# Proof that normalizer and center are subgroups

I've seen this proof for the center of a group $$G$$:

$$C = \{x\in G:xg = gx \ \ \ \forall g \in G\}$$

So, the center is the set of all elements that commute with every $$g$$ of $$G$$. This subset of $$G$$ is nonempty because $$eg = ge$$ for all $$g\in G$$. If we have $$a,b\in C$$, then we know that:

$$\forall g\in G:\qquad ag = ga,\qquad bg=gb,$$

and therefore, we have

$$(ab)g = a(bg) = a(gb) = (ag)b = (ga)b = g(ab),$$

which shows that $$ab\in C$$. Also, for the inverse, if we have $$c\in C$$ then for all $$g\in G$$ we have $$gc=cg$$ hence also $$c^{-1}gc=c^{-1}cg=g,$$ from which it follows that $$gc^{-1}=c^{-1}g$$, and hence that $$c^{-1}\in C$$.

The normalizer of $$S\subset G$$ is defined as:

$$N = \{g\in G: gS = Sg\}.$$

This subset is nonempty, since $$eS = Se$$. For all $$a,b\in N$$ we have $$aS=Sa$$ and $$bS=Sb$$, and hence

$$(ab)S = a(bS) = a(Sb) = (aS)b = S(ab),$$

which shows that $$ab\in S$$. For the inverse; if $$c\in N$$ then $$Sc=cS$$ and so $$c^{-1}Sc=c^{-1}cS=S,$$ from wich it follows that $$c^{-1}S=Sc^{-1}$$, and hence that $$c^{-1}\in N$$.

Am I right?

## 2 Answers

You might have noticed that the steps in each of your proofs are quite similar. In fact, they are both special cases of a more general result involving group actions.

Given a set $X$, a group $G$ acts on $X$ if there is a map $G \times X \to X$, denoted $g \cdot x$, such that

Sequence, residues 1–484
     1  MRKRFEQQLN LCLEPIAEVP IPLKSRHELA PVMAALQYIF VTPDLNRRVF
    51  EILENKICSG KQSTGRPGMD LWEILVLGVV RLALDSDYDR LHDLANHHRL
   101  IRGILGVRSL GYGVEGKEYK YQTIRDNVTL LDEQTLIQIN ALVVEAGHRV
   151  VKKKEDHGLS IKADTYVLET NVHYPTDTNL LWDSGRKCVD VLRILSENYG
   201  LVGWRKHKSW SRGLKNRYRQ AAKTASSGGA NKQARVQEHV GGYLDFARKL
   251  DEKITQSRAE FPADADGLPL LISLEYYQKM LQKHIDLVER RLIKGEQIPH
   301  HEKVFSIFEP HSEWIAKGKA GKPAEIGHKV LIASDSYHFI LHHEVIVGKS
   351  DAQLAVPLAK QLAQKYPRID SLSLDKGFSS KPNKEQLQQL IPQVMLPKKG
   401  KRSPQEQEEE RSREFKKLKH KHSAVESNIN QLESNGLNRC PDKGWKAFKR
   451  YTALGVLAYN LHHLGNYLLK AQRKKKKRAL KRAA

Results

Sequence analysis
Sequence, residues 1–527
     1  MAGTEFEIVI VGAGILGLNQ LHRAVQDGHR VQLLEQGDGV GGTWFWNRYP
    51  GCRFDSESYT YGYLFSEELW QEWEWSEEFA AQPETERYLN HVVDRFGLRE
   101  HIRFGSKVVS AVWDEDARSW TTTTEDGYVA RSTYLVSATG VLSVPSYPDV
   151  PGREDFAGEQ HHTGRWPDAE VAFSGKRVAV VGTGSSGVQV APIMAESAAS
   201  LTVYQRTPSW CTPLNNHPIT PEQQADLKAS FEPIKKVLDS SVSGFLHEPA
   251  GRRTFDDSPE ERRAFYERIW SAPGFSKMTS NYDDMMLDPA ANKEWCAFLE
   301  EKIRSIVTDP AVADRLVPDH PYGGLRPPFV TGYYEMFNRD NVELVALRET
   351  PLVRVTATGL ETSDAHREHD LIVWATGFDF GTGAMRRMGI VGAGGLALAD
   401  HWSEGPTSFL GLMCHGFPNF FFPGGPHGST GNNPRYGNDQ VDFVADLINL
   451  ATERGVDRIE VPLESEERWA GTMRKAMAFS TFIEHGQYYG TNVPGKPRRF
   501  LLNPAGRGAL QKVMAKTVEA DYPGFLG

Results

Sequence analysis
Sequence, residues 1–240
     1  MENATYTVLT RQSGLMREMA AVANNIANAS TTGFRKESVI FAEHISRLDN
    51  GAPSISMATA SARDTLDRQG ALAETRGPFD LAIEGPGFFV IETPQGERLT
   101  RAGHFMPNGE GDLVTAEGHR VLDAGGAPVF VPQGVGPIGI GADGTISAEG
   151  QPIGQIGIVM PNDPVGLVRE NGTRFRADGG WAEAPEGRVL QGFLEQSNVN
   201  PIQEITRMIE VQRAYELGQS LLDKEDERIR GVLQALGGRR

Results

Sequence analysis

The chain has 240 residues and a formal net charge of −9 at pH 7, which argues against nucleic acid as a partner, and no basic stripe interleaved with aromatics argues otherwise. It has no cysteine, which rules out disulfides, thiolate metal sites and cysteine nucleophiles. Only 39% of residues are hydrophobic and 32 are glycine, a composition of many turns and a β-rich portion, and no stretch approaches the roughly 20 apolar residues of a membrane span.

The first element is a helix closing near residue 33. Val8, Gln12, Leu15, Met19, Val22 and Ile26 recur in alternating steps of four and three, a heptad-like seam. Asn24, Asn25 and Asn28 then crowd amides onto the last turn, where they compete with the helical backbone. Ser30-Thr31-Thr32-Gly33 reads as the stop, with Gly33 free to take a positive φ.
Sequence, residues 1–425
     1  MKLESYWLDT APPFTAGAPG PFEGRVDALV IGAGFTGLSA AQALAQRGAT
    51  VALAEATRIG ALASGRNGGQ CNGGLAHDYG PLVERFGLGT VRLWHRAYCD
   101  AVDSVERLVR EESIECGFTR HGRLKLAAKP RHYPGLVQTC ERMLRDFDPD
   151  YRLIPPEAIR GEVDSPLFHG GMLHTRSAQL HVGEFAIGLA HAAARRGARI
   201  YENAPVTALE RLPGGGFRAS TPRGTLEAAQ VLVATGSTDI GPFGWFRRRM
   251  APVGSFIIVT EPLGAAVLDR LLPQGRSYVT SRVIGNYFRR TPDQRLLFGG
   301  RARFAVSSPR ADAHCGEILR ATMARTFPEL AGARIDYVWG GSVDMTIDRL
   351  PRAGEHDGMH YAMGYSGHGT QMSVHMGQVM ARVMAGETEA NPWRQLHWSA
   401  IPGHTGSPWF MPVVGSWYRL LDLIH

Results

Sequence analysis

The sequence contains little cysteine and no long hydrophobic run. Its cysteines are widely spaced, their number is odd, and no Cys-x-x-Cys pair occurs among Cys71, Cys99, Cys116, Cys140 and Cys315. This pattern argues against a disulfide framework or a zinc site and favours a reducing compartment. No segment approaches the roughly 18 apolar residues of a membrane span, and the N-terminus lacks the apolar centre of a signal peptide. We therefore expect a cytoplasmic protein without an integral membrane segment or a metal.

• $1 \cdot x = x$ for all $x \in X$, where $1$ is the identity in $G$, and
• $g\cdot(h \cdot x) = (gh)\cdot x$ for all $g,h \in G$ and $x \in X$.

Let $G$ be a group acting on a set $X$. For $x \in X$, we define the stabilizer of $x$ to be $$\text{Stab}_G(x) = \{g \in G \mid g \cdot x = x\} \, .$$ One can show that the stabilizer of a point is in fact a subgroup of $G$. Try to prove this yourself: you will find that the steps are almost exactly the same as those in your two proofs above.

Now let's see how the centralizer and normalizer are both examples of stabilizers of group actions.

• A group $G$ acts on itself by conjugation, that is, we can define the map \begin{align*} G \times G &\to G\\ (g, x) &\mapsto gxg^{-1} \end{align*} and show that it satisfies the two axioms of a group action. For this action, we find that, given $x \in G$, the stabilizer of $x$ is $$\text{Stab}_G(x) = \{g \in G \mid gxg^{-1} = x\} = \{g \in G \mid gx = xg\} = C_G(x)$$ the centralizer of $x$ in $G$. Thus the centralizer of any point is a subgroup. The center $C = Z(G) = \bigcap_{x \in G} C_G(x)$ is then the intersection of all the centralizers, hence is also a subgroup.
• Let $\mathscr{P}(G)$ denote the power set of $G$, i.e., the collection of all subsets of $G$. Then $G$ also acts on $\mathscr{P}(G)$ by conjugation, as one can show that the map \begin{align*} G \times \mathscr{P}(G) &\to \mathscr{P}(G)\\ (g, S) &\mapsto gSg^{-1} = \{gsg^{-1} \mid s \in S\} \end{align*} satisfies the two group action axioms. In this case we find that, for $S \in \mathscr{P}(G)$, the stabilizer of $S$ is $$\text{Stab}_G(S) = \{g \in G \mid gSg^{-1} = S\} = \{g \in G \mid gS = Sg\} = N_G(S)$$ the normalizer of $S$ in $G$.

Yes, both your proofs are right.

• Nice, hope these proofs can help someone who google this – Guerlando OCs Aug 23 '15 at 16:15